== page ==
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  • Census: New York City is in a Class of its Own By Michelle LaFiura | January 22, 2013

      In the 1950’s you could see a movie for only 60 cents and get a gallon of gas for just $0.26. Times have changed though and today we make adjustments for comparison. Do we have to use similar adjustments when comparing New York costs to other parts of the country? Because of the spiked prices in living expenses in comparison to other regions, New York City residents fall into a gray area when it comes to their socio-economic status. Take a look around any suburb and it’s easy to see that a lavish home perched on a neatly manicured lawn is clearly an affluent household while a run down neighborhood falls on the other end of the spectrum. But in a city whose citizens live in the sky, determining socio-economic status isn’t as visible. Compared to other parts of the country, rent is higher in New York, but so are annual salaries. Somebody who might be of average means in the city would be very wealthy in the suburbs. If this is the case, and New Yorkers are measured on a different scale, what factors apply? A recent New York Times article grapples with this very question.

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  • Upscale Makeover Makes Fourth Avenue More Appealing By Aby Thomas | January 21, 2013

    While Greenwich Village is already home to some of New York City’s most popular haunts, the neighborhood is now seeing a number of new trendy establishments open up in the area along Fourth Avenue. The six blocks between Astor Place and Union Square have been undergoing a makeover of sorts over the past few years, and this once overlooked locality is now seen as a great location for all kinds of businesses.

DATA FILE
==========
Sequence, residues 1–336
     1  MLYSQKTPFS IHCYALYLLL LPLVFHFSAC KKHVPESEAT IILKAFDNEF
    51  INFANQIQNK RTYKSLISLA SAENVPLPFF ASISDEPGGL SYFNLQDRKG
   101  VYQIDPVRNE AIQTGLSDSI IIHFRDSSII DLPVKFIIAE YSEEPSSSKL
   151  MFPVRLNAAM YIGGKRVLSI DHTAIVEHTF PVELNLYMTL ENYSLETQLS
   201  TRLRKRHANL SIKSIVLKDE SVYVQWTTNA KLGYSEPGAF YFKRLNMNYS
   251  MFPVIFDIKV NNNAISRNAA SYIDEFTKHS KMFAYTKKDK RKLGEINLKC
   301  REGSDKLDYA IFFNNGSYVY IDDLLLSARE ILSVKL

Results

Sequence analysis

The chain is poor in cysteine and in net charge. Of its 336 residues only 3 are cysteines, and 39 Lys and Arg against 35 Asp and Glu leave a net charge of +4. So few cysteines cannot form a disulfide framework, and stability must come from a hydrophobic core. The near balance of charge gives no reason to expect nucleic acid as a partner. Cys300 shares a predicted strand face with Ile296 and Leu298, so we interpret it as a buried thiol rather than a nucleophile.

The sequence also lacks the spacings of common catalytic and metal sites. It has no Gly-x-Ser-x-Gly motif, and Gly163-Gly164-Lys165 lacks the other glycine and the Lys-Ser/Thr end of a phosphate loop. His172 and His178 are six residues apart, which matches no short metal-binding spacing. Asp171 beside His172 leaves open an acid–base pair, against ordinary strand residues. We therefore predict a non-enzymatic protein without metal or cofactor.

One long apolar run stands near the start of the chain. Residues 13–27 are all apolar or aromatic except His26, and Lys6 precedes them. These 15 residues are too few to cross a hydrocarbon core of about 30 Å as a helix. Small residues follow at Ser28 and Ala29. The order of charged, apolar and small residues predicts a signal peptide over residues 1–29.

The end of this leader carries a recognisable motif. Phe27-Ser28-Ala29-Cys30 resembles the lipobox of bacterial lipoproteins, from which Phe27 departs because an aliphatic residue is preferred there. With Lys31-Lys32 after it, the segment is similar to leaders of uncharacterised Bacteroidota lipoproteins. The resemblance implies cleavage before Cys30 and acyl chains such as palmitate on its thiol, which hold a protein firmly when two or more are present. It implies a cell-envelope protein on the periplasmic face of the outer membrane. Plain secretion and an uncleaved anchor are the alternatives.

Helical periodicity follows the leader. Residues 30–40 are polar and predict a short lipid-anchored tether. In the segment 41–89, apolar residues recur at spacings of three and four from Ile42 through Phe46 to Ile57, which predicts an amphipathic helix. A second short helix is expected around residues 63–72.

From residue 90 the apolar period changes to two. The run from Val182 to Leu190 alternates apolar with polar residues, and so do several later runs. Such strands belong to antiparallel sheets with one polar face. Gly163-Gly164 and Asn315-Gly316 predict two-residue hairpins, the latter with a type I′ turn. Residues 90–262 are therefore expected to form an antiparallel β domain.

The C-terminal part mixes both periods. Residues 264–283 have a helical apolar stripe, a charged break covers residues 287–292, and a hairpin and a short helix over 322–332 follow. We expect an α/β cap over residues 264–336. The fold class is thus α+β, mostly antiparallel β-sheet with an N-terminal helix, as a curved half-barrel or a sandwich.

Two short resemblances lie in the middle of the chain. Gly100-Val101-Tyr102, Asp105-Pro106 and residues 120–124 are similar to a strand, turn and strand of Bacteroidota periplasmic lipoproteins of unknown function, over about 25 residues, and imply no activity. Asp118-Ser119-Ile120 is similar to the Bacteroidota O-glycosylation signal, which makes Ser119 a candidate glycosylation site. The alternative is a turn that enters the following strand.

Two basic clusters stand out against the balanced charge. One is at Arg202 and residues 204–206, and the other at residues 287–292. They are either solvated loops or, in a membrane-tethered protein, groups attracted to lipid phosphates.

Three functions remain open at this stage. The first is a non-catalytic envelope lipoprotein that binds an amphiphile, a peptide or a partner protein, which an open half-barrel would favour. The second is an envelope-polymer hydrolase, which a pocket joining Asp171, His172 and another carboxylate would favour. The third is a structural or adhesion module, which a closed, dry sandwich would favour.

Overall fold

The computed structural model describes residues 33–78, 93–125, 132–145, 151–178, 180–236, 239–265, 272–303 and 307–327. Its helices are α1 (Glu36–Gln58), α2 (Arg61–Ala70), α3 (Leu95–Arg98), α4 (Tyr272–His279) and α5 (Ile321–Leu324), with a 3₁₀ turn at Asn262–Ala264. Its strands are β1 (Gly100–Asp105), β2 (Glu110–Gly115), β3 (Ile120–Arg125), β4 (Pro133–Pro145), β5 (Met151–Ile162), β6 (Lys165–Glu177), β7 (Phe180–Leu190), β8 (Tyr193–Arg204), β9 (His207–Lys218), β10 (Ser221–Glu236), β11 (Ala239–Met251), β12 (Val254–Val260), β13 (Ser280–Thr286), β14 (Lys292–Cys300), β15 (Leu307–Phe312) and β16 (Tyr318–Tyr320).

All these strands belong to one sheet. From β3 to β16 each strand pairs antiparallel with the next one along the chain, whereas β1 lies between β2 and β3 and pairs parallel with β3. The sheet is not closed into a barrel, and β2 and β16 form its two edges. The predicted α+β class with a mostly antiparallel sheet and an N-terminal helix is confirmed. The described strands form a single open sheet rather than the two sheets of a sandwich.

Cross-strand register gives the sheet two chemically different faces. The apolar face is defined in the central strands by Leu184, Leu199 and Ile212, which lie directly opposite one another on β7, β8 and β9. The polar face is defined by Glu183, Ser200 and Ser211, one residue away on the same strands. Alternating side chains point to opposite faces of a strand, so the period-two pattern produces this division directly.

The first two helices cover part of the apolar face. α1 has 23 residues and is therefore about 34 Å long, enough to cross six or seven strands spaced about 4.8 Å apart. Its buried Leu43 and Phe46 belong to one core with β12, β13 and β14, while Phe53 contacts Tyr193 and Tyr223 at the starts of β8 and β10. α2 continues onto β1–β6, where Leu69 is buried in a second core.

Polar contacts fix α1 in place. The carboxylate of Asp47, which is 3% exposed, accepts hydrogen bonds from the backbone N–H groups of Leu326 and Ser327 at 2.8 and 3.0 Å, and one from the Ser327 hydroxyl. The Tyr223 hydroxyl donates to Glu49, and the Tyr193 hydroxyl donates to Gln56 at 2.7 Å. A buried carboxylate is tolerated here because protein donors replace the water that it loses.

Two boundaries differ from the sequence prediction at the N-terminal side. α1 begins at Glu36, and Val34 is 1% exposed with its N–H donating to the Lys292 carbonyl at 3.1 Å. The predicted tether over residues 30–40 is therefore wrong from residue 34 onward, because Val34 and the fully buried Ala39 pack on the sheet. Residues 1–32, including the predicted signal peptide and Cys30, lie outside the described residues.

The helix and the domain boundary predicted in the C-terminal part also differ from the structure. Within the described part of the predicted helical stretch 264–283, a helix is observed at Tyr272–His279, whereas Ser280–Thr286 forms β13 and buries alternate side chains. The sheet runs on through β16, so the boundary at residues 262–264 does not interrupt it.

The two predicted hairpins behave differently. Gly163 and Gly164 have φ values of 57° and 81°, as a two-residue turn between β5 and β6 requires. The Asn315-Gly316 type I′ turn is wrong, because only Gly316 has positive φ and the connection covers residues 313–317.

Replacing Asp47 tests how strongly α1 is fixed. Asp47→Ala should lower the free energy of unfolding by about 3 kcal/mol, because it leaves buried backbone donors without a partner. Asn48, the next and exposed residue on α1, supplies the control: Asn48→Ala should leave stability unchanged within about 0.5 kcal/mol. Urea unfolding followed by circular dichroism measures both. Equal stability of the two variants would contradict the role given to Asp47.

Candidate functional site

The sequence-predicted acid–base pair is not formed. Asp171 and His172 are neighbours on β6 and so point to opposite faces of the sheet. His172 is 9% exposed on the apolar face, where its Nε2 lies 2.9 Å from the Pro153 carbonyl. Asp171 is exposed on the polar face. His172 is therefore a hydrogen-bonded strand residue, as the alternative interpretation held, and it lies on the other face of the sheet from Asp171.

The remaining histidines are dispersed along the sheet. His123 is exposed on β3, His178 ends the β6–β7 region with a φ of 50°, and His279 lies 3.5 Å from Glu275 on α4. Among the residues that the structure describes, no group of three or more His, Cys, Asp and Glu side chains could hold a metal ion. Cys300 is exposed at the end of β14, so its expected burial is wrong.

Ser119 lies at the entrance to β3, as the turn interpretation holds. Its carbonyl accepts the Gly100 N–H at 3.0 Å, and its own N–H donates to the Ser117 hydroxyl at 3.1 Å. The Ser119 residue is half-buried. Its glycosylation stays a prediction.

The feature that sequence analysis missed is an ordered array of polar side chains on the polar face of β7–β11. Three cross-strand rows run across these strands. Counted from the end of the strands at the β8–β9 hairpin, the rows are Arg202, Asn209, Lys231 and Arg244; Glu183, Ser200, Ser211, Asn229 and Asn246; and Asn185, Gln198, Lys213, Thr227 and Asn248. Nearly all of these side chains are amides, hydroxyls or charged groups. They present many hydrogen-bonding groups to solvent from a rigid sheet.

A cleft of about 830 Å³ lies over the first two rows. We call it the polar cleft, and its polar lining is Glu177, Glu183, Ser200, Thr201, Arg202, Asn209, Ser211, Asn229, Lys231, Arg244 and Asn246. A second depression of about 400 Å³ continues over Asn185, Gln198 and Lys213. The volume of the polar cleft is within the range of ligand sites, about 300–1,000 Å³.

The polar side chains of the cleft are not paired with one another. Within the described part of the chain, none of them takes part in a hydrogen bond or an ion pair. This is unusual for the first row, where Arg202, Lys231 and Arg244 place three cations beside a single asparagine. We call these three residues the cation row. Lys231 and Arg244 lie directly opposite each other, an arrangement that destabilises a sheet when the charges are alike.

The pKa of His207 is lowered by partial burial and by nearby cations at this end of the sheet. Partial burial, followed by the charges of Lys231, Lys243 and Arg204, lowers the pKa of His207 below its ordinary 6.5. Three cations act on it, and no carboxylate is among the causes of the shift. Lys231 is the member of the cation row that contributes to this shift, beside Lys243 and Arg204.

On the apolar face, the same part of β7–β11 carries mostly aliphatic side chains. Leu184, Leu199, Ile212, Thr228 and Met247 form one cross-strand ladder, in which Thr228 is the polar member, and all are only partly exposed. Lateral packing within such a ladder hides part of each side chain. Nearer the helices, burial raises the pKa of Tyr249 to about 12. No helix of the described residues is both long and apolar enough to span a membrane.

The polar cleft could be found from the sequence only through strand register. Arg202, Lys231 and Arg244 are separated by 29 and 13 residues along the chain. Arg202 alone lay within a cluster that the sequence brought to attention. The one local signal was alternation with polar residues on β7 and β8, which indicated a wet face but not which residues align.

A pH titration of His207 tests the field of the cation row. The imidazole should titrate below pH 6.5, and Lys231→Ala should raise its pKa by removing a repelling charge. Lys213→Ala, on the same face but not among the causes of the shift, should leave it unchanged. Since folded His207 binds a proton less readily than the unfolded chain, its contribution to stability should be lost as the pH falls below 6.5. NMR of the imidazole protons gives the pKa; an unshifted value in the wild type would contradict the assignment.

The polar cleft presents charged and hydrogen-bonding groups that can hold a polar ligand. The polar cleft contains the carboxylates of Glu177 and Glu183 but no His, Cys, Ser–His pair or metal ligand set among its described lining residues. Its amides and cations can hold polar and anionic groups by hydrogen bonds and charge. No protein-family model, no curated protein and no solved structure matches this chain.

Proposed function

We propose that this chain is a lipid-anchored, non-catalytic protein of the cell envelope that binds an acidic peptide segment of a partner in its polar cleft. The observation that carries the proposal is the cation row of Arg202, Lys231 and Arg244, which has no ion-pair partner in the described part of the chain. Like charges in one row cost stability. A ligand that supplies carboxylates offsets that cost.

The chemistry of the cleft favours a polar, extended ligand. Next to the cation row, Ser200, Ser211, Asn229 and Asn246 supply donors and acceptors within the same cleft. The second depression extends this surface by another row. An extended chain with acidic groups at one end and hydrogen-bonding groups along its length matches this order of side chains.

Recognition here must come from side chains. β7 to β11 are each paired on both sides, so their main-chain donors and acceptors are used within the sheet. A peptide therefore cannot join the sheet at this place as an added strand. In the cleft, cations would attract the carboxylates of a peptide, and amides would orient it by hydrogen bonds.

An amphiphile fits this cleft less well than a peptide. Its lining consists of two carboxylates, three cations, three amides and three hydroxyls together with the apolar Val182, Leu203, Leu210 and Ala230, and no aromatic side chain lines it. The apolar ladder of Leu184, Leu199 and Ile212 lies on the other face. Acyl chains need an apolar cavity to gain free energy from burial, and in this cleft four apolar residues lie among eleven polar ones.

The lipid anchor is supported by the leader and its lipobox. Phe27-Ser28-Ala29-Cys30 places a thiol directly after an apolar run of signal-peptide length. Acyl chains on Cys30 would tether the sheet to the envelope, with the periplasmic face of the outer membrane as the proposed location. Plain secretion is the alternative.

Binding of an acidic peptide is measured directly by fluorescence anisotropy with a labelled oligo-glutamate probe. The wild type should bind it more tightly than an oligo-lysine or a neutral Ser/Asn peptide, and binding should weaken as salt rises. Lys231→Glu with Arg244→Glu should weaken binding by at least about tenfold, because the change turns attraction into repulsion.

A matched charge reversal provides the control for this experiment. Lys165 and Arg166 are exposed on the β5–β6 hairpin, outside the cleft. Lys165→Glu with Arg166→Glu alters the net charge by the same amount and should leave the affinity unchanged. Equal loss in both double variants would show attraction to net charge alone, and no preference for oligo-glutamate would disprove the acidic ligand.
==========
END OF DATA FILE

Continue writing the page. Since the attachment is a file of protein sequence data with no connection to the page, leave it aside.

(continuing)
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  • Work Begins Again At Long Island City Crane Collapse Site By Ryan Daley | January 18, 2013

    Work has started again at the TF Cornerstone luxury rental site in Long Island City following a crane collapse on January 9th. After seeing no construction activity and around the clock police presence in the area over the last two weeks, two additional cranes are now on the property and and a flurry of work activity is being reported. The construction site, located in Hunters Point, sits directly behind the iconic Pepsi-Cola sign that overlooks the East River waterfront. 

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  • Classic Architecture Still Reigns on the Upper East Side By Michelle LaFiura | January 17, 2013

    The contemporary architecture sprouting up in Midtown and Downtown Manhattan isn't making it's way to the Upper East Side just yet. The modern style of glass condominiums would stand out in this neighborhood, but residents prefer new developments to blend in with the old world charm of already present buildings. According to the New York Times, residents respect designers whose building projects fit in, rather than attempt to change their Upper East Side neighborhood.

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  • Just How Old Are Most New Yorker's Buildings? By Ryan Daley | January 16, 2013

    Anyone can tell you New York City's housing stock is a mix of new and old, but while headlines of new apartment buildings on the rise grab the attention of the public, the chart above shows nearly 60% of occupied units in the city were built before 1947. Even more striking is the dearth of units coming onto the market since 1974.